Scorpionfish, Sebastiscus marmoratus, Rockfish, Lionfish, Sea robins
The Scorpaeniformes are a diverse order of ray-finned fish, but have also been called the Scleroparei. It is one of the five largest orders of bony fishes by number of species with over 1,320.
They are known as "mail-cheeked" fishes due to their distinguishing characteristic, the suborbital stay: a backwards extension of the third circumorbital bone (part of the lateral head/cheek skeleton, below the eye socket) across the cheek to the preoperculum, to which it is connected in most species.
Scorpaeniform fishes are carnivorous, mostly feeding on crustaceans and on smaller fish. Most species live on the sea bottom in relatively shallow waters, although species are known from deep water, from the midwater, and even from fresh water. They typically have spiny heads, and rounded pectoral and caudal fins. Most species are less than 30 cm (12 in) in length, but the full size range of the order varies from the velvetfishes, which can be just 2 cm (0.79 in) long as adults, to the lingcod, which can reach 150 cm (4.9 ft) in length.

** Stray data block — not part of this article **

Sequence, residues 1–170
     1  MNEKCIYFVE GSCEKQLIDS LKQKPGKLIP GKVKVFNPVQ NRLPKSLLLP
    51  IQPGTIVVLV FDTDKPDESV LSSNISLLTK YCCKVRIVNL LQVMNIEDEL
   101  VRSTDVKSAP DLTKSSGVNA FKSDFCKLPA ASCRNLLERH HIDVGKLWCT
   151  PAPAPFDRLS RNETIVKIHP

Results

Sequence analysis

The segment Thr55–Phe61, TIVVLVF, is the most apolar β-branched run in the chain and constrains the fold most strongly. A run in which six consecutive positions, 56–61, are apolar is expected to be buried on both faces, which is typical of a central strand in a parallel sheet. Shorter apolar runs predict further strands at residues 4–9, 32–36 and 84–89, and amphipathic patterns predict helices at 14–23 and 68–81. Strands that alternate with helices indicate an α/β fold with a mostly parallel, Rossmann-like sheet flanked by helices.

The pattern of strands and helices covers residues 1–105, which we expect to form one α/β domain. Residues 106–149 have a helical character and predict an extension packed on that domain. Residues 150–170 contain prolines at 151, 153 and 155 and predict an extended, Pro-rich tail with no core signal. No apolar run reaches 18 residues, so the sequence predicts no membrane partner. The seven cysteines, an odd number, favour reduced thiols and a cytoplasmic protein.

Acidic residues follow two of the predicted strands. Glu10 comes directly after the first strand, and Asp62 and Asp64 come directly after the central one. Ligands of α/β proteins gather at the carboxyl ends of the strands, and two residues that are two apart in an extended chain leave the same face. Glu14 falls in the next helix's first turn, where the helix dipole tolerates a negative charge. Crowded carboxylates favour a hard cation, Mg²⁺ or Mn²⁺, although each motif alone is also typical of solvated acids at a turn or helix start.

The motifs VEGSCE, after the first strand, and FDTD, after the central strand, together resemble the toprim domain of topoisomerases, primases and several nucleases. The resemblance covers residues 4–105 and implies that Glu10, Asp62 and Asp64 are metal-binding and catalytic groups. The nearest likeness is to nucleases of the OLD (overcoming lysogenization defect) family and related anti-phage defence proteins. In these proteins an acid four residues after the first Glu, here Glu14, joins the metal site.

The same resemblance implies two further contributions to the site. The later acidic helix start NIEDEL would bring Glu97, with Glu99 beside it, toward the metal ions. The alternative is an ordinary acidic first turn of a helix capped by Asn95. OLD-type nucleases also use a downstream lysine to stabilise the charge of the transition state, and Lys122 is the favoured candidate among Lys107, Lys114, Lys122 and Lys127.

The division of Scorpaeniformes into families is not settled; accounts range from 26 to 35 families.